• Morgan Fagg

What language are they even speaking?

Updated: Mar 4, 2019

Bloomsday Society Monthly Meeting

Finishing work at 7, I bumped into Bill Dixon at Metro Antón Martín who was rushing in the other direction and we only had the briefest of moments to greet one another but it was a quick reminder that the Bloomsday Society had their monthly reading at El Ateneo, the beautiful theatre, El Ateneo, Cientifico, Literario & Artistico de Madrid situated in the heart of Madrid by the Spanish Parliament.


Naturally, their readings would be missing the ever talented Mr Dixon who reads and sings and even plays the occasional musical instrument superbly for the Bloomsday Society. Jack of trades, Bill Dixon has actually mastered each which he graciously shares with the group and is always happy to explain some Joycean facts to me.

What language were they even speaking I had to question as the talk seemed to break into an Italian discussion on where Joyce lived and while I appreciate that Joyce spoke many European languages and apparently even had his own language at home with his daughter. Reading Joyce in Madrid can turn into a multitude of languages being spoken at any given moment.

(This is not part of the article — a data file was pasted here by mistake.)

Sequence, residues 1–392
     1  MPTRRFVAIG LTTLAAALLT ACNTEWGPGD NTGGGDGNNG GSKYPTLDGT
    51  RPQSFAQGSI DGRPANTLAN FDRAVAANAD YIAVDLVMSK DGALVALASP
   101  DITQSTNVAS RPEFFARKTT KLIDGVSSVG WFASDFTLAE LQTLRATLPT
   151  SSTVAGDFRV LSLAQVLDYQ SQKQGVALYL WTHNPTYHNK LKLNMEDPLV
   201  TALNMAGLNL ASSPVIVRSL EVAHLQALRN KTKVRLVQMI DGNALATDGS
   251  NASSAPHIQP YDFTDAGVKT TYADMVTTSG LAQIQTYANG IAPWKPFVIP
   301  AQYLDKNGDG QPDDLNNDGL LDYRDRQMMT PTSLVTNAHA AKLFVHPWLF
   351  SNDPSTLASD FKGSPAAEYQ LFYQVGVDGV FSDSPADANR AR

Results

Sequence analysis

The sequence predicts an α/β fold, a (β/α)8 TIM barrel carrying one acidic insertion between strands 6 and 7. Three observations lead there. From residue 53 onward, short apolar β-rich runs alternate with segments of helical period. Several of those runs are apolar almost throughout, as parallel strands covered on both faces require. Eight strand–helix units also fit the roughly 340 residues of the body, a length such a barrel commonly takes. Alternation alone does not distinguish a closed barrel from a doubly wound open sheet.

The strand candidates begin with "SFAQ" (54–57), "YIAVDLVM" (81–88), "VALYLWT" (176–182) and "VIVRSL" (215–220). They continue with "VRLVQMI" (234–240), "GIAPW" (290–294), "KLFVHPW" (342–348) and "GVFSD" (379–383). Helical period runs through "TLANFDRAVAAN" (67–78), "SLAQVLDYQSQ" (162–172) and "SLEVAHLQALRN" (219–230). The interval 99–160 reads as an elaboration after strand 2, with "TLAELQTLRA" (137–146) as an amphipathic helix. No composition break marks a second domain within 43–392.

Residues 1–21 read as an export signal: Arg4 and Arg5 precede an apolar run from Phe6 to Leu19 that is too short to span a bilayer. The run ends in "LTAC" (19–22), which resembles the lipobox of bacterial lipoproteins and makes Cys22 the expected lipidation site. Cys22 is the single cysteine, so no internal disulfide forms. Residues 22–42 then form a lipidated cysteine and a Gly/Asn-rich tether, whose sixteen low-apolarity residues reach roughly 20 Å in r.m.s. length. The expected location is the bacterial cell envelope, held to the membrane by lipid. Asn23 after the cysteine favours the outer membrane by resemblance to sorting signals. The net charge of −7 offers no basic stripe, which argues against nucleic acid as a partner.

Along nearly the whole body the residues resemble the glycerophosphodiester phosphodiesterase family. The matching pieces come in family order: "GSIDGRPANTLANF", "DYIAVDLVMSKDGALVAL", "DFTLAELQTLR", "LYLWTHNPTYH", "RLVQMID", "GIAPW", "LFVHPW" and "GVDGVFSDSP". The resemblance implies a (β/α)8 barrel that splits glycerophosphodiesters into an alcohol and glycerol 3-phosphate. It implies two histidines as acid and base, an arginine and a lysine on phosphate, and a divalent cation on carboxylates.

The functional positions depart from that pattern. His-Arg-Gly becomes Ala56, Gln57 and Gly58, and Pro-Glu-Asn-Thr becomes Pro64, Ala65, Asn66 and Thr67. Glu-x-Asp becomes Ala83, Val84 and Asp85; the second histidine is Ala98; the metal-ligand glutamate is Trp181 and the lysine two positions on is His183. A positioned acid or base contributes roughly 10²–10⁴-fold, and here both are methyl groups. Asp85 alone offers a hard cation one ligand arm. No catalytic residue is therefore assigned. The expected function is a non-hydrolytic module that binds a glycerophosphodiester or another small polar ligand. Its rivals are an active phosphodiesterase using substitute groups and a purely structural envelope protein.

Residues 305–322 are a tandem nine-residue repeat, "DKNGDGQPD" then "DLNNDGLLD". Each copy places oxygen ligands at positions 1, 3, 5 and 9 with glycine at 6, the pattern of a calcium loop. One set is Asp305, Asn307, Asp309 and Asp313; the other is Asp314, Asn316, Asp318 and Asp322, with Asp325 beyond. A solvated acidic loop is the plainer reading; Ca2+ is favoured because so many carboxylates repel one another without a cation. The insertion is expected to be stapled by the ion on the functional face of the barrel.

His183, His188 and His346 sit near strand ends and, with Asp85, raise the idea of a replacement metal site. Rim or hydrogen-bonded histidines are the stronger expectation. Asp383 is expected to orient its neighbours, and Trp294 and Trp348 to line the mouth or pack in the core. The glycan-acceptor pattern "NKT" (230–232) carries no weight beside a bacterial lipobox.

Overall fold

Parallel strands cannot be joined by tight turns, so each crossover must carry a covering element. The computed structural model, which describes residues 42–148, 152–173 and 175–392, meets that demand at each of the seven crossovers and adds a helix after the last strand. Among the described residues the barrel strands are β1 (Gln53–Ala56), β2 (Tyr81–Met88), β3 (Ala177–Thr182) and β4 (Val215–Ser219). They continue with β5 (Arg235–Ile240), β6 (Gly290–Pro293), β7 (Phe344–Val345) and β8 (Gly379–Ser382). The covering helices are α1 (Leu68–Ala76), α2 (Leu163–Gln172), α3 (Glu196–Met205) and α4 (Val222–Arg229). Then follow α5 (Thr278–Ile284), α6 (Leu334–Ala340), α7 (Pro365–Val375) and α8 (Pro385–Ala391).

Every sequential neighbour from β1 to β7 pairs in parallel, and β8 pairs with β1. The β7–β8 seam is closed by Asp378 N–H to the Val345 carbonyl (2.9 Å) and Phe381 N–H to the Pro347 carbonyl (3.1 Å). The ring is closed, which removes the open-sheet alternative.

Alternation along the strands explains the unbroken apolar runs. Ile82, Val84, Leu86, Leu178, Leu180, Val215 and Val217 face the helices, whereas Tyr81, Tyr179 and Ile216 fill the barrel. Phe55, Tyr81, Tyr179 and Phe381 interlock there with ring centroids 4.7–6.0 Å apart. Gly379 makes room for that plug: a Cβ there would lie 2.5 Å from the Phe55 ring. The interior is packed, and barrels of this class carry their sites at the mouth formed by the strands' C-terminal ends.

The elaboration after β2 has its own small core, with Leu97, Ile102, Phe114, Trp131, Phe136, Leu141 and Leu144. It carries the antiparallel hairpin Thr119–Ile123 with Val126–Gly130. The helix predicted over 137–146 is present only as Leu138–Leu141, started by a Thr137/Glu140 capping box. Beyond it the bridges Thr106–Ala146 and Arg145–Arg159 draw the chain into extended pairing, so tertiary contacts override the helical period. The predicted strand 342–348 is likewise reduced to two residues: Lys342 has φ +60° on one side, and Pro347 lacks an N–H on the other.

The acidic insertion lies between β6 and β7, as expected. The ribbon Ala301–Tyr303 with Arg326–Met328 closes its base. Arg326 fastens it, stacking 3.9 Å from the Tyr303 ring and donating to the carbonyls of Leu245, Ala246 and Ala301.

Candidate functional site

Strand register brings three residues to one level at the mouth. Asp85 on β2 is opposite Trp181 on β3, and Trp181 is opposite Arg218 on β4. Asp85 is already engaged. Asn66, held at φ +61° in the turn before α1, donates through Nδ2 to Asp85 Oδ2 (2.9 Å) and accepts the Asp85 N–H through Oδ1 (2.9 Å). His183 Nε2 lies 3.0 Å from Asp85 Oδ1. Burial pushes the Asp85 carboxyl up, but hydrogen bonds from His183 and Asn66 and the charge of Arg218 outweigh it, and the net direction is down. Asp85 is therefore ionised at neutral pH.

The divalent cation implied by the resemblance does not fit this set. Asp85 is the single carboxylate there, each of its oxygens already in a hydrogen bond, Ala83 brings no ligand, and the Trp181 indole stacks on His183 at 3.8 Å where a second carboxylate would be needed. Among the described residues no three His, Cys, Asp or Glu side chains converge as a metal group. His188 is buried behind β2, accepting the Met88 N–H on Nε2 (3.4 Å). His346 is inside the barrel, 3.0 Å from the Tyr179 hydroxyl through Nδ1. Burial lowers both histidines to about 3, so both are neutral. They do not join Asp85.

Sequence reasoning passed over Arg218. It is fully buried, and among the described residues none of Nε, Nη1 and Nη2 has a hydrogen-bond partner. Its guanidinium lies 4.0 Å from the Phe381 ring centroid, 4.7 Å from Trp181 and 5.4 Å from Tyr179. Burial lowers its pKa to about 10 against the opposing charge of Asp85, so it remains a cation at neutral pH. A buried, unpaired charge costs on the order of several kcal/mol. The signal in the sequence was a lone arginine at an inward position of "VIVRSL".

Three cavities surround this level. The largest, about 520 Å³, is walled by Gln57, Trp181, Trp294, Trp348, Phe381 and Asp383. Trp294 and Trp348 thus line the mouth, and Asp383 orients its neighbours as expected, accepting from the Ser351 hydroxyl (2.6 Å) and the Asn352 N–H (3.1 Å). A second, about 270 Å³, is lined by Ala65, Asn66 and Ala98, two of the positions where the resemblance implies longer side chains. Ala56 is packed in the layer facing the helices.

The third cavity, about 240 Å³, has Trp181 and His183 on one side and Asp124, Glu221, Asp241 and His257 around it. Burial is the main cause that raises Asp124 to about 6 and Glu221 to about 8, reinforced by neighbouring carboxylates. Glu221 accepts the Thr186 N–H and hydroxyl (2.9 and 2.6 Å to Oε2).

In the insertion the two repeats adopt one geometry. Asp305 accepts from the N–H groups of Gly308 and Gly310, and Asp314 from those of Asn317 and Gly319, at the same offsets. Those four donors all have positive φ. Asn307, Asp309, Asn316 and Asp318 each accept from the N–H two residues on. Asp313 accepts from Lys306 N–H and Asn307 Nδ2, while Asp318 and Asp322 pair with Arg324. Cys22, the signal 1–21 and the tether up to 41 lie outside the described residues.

Last year on Bloomsday, a girl took to reading Ulysses in greek at an event in Desperate Literature bookshop and throughout the monthly readings Joyce’s works can be heard read in both Spanish and English and in some cases, Damien Gallagher has read verses in both languages and I arrived just as Malacy Murphy had finished his reading, Damien Gallagher took to reading from Finnegan’s Wake which looked like it was written in Welsh.

Experts in the life and writings of James Joyce the group discussed various aspects with Sara Canto quoting months and years and locations like she was Joyce's personal secretary and even afterwards, people talked of Dublin with such fondness and detail.

I had spent six months living in Blackrock without ever getting a sense of Dublin like my Spanish friends.


Talking with one of the members afterwards I had to explain that I had never even been to the Forty Foot but on one occasion while chatting to a girl in Dublin she was planning to go to the Forty Foot but I didn’t want to intrude by inviting myself along. My shyness aside, we finished the reading with everyone joining Chris Dove in singing, Just a Song at Twilight.

As I have written before, We all sing from the same Hymn sheet but we don’t always understand Joyce. https://www.nohemingway.com/blog/the-mystery-of-joyce

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© 2018 by Morgan Fagg.